• Military had to replace hundreds of obsolete IAF MiG-21, MiG-23 and MiG-27 fighters that had been steadily retired from service by the indigenous Tejas fighter.
  • But as the fighter’s development got delayed, the then government in 2007, ordered a global tender for 126 medium multi-role combat aircraft, of which 108 would be built in India by public sector firm Hindustan Aeronautics Limited (HAL).
  • Over the next four years, the IAF flight-tested six fighters: 
    • Boeing’s F/A-18 Super Hornet,
    • Lockheed Martin’s F-16IN Super Viper,
    • Saab’s Gripen C/D,
    • Russian MiG-35,
    • Eurofighter’s Typhoon,
    • Rafale.
  • In 2011, the Typhoon and the Rafale were found to have met the Indian Air Force (IAF’s) performance requirements.
  • In January 2012, Dassault’s bid was declared lower than Eurofighter’ and the Rafale became India’s combat aircraft of choice. 

Importance of the deal:

  • Defence Minister Rajnath Singh, recently received the first of the 36 Rafale fighter jets (as part of the Rs 59,000 crore deal signed in 2016) at Dassault Aviation’s facility in Merignac.
  • Four of the total 36 aircrafts will be flying over the Indian skies by May 2020. 
  • All 36 jets are expected to arrive in India by September 2022.
  • Apart from Dassault, French companies Thales and Saffron are also involved in the Rafale’s production through offset contract.
  • The Rafale is a twin-jet fighter aircraft able to operate from both an aircraft carrier and a shore base.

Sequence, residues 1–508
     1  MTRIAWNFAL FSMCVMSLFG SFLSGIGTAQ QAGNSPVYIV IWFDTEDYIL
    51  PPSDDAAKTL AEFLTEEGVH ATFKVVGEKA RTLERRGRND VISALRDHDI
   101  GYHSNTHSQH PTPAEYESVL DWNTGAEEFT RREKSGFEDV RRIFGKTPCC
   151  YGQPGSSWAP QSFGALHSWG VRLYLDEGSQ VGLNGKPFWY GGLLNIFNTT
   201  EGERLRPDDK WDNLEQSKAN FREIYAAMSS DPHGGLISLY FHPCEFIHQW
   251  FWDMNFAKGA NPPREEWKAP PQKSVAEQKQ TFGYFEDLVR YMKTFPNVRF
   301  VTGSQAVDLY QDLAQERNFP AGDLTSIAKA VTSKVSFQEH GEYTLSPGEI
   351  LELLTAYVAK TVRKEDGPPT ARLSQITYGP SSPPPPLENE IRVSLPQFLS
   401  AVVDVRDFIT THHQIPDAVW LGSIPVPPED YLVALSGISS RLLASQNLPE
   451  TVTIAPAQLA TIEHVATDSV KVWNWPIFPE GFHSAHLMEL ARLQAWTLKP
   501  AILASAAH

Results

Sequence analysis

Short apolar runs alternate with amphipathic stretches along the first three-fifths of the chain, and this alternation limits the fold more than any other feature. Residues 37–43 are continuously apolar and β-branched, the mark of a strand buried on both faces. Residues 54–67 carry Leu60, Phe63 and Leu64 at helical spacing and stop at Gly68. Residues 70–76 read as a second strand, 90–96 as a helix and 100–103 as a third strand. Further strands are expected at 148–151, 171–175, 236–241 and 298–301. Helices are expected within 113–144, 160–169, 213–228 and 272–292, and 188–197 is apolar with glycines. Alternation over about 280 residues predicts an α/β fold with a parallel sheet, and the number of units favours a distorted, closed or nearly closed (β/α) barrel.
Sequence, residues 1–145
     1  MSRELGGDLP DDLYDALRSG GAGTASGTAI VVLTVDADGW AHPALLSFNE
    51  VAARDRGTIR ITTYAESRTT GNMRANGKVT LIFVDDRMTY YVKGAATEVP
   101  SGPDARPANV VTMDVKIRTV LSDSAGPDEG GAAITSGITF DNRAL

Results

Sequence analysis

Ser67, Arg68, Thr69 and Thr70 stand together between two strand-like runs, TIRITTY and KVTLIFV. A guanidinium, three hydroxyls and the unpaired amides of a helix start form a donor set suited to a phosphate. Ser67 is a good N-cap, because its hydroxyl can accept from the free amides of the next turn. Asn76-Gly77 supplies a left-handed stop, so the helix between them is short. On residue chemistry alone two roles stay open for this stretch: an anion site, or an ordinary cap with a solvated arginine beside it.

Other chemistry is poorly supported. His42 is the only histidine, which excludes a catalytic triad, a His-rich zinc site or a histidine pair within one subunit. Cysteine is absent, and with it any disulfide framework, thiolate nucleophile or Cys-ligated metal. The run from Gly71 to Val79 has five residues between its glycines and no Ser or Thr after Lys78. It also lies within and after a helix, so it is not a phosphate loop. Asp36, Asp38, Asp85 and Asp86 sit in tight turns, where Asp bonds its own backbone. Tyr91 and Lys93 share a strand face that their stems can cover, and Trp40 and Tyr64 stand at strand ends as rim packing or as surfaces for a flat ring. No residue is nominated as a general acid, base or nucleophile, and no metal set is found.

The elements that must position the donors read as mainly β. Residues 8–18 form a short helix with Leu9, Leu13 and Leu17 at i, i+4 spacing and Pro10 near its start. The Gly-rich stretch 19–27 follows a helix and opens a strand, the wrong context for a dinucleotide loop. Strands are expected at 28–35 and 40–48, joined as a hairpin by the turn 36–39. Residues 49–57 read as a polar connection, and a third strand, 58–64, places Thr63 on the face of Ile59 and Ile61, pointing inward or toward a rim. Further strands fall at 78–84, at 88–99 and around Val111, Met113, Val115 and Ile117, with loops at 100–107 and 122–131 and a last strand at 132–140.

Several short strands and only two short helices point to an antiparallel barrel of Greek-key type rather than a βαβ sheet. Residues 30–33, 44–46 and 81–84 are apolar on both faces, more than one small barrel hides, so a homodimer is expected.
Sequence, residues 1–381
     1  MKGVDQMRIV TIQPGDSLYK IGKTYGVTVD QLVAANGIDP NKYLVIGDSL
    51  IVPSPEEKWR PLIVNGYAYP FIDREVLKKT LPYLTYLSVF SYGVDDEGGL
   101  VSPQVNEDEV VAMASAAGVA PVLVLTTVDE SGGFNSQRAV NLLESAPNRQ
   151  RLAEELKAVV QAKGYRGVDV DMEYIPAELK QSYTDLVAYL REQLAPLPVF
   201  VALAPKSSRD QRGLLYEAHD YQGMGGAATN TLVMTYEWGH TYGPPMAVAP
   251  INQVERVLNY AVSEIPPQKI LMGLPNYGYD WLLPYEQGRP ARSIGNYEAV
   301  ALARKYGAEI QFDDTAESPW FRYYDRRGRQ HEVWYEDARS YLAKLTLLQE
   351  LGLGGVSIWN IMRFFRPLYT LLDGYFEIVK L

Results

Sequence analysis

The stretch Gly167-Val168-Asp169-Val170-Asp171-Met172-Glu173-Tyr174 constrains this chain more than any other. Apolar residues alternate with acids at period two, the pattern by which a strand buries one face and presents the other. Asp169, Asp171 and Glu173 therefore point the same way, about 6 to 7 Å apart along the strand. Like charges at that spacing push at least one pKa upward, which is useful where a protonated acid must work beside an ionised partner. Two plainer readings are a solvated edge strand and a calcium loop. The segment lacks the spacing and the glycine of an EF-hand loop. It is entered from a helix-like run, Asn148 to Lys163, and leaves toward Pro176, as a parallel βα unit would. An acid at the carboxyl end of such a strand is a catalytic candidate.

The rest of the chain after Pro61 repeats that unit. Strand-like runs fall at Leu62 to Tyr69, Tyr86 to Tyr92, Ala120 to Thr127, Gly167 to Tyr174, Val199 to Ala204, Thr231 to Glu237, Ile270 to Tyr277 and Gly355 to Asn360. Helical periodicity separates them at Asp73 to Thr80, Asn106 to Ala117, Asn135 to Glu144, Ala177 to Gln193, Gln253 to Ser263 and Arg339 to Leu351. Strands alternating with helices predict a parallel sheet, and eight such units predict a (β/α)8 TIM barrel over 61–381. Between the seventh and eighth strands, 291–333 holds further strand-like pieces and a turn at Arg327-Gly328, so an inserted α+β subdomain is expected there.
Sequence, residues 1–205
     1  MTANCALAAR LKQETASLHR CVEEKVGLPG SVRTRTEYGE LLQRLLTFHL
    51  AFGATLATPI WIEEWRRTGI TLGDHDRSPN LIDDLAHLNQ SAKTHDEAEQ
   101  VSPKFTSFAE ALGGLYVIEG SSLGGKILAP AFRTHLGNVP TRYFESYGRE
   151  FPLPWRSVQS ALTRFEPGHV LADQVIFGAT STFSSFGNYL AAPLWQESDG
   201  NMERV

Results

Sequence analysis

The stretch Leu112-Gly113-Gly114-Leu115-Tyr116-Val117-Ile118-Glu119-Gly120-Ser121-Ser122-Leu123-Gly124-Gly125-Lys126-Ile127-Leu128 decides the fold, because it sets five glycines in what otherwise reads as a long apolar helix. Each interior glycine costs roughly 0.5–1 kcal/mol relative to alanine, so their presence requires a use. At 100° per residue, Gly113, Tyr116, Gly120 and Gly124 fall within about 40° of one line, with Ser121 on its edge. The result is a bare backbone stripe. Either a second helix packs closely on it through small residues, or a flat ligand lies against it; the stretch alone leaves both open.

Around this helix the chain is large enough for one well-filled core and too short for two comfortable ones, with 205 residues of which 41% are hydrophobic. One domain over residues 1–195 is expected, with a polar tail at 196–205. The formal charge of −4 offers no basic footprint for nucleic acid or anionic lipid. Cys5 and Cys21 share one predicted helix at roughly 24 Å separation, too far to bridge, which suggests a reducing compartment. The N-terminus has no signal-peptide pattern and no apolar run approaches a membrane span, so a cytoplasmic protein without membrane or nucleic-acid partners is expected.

• The fighter jet is armed with potent meteor and scalp missiles. 
  • The meteor is a beyond visual range air-to-air missile and scalp is a long-range cruise missile that can be launched from the aircraft for deep strikes to hit fixed and stationary targets.
  • The first batch of Rafale will be stationed in Ambala, while the second batch will be stationed at Hasimara in West Bengal to combat the Chinese threat.
  • The induction of Rafale aircraft in the IAF will increase it’s combat capability.
  • Rafale will make India one of the four countries, besides France, Egypt and Qatar, to possess the next-gen fighter jet.
  • Rafale will enhance the air strike capabilities of the IAF and will be used as a deterrent against any country.

Specifications of Rafale:

  • Rafale can attain a maximum speed of Mach 1.8/750 kt (2,222.6 km per hour) and can climb up to 50,000 ft.
  • Though Rafale can fly up to a range of 3,700 km, it can be refuelled mid-air.
  • The 15.27 metre long aircraft has wing length of 10.8 metres each.
  • While Sukhoi 30 MKI can carry ammunition up to 8,000 kg, Rafale can easily carry bombs up to 9,500 kg.
  • Rafale can carry out all combat aviation missions, including air defence, close air support, in-depth strikes, reconnaissance, anti-ship strikes and nuclear deterrence.
  • Its ‘delta wings‘ are extremely stable and have supersonic speed.
  • Rafale’s cannon can release over 2,500 rounds in one minute.
  • The aircraft’s advanced engine is capable of allowing the throttle to shift from combat to idle power in less than three seconds.
  • It can jam enemy radars, detect targets anywhere including sea, ground and air.
  • Other superior capabilities include close air support, dynamic targeting, air-to-ground precision strike, anti-ship attack capability and buddy-buddy refuelling.
  • The advanced Rafale aircraft can carry a nuclear weapon, and deploy long range air-to-air missiles, laser-guided bombs with different warheads and non-guided classic bombs.